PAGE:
"What's he building in there?" Tom Waits asks, on a deliciously spooky track from his new Mule Variations disc. "He's hiding something from the rest of us." A variation on that question consumes nearly every waking moment of earnest George Washington University history professor Michael Faraday in the new thriller "Arlington Road": What sort of mayhem are his neighbors up to, how will he discover their dark secret, and what must he do to prevent the evil from spreading to his own household?
Faraday, a widower living with his puppy-dog-cute young son, Grant (Spencer Treat Clark), in a comfortable middle-class suburb of Washington, D.C., first encounters the all-too-friendly Lang family next door after rushing their oldest child, Brady (Mason Gamble), to the hospital, where he's treated for potentially fatal wounds stemming from a mysterious explosion.
Oliver Lang (Tim Robbins), a buttoned-down structural engineer, and his cherubic wife, Cheryl (Joan Cusack), repay that brave kindness with an avalanche of hospitality, inviting Michael and his pretty, younger girlfriend, Brooke (Hope Davis), over to dinner and encouraging a budding friendship between the two boys.
All is rosy in the land of soccer moms, backyard barbecues and late-night beers on the patio. There's trouble in this paradise, though.
Faraday, for starters, remains haunted by the death of his wife (Laura Poe), an F.B.I. agent murdered by a group of redneck extremists during a meaningless standoff meant to remind viewers of Ruby Ridge. "Leah died for her country," says her old partner, Whit (Robert Gossett), a tight-lipped but genuinely concerned family friend. "She shouldn't have," Faraday shoots back, with more than a touch of bitterness.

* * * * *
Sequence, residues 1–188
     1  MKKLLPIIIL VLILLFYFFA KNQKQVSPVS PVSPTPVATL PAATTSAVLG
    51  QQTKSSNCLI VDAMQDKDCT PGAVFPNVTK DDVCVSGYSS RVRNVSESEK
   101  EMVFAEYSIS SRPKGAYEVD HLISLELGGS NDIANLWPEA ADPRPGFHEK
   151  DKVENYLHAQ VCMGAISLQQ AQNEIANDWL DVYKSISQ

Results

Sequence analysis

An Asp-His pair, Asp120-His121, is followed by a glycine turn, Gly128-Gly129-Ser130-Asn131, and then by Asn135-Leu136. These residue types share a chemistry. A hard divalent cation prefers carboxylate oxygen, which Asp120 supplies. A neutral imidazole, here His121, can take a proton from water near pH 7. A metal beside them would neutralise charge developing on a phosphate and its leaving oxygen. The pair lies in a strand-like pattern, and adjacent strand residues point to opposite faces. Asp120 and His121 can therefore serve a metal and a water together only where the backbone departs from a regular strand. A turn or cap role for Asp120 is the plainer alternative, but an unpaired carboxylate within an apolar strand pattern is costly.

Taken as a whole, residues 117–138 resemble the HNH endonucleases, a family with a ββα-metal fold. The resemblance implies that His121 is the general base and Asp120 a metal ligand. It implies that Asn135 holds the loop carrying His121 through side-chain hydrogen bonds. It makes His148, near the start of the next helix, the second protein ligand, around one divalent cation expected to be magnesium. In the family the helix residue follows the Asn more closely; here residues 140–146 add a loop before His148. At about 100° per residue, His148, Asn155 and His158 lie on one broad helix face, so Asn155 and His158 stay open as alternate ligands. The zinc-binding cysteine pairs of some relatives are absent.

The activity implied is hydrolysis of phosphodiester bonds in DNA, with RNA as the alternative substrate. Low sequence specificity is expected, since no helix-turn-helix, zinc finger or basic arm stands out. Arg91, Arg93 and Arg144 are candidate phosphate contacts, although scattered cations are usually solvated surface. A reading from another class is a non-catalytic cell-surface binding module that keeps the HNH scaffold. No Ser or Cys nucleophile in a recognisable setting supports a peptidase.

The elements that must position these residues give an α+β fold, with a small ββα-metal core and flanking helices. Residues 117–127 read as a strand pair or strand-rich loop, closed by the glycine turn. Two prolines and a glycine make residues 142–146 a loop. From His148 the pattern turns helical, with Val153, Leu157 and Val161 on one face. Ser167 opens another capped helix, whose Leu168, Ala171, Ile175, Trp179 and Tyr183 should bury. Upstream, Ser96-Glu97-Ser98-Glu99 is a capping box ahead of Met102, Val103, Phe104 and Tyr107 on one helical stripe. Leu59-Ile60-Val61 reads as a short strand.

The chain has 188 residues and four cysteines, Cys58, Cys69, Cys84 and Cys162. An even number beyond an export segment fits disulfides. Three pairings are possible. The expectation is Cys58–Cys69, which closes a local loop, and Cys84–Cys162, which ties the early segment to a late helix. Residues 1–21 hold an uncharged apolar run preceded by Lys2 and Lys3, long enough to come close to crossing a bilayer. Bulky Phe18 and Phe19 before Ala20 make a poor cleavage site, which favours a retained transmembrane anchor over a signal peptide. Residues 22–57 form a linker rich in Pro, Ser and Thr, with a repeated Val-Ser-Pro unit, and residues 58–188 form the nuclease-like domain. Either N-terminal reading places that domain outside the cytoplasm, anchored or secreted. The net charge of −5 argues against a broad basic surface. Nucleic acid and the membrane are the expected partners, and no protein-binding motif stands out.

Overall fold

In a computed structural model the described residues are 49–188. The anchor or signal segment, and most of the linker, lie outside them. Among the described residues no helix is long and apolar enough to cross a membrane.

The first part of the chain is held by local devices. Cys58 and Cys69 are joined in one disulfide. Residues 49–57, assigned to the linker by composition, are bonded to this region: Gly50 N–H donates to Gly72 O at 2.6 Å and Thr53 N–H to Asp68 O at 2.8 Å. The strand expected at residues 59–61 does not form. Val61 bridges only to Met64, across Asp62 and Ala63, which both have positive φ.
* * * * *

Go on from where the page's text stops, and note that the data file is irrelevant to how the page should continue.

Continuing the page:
The grieving professor's anger is only intensified by the subject matter of a course he's teaching on terrorism. One lecture takes place during a field trip to the location of that F.B.I. shoot-out. Another session is devoted to the recent bombing of an I.R.S. office in St. Louis, supposedly masterminded by a single man. More than 60 people died in the blast, and the filmmakers, for better and worse, here and later employ footage of the real Oklahoma City bombing to illustrate the carnage attendant to the fictional explosion.
The neighbors, what's more, are beginning to act creepy. "He wishes someone had to pay (for his mother's death)," Oliver tells Michael about a conversation with Grant. Michael begins to catch his new best friend in lies -- about a set of blueprints, a college affiliation and, eventually, his real name -- and his suspicions begin to mount, much to the chagrin of the pooh-poohing Brooke. What's real, and what's imagined?
Director Mark Pellington, who made his feature debut with 1996's lackluster "Going All the Way," surprisingly enough generates serious suspense with his sophomore effort, effectively drawing us into a maze of fear and paranoia. Like body snatchers (a.k.a. commies) of the '50s, freaky militia types seemingly are hiding behind every closed curtain.
Momentarily, there's a collective gasp of relief, as all is apparently explained by Oliver, who confronts Michael, and then comes clean about his teen-age crime and his lifelong effort to repay his debt and keep his children from being harmed by the truth of their father's past. Suffice it to say that the uncomfortable resolution of the investigation doesn't arrive until much later.
Bridges is believable as a father stuck with a terrible choice, Robbins is chilling as a happy homeowner with evil crawling beneath his skin and Cusack is similarly frightening as a Stepford wife willing to stick with the program. "Arlington Road," although erring with a bit of didacticism, is more than a little chilling.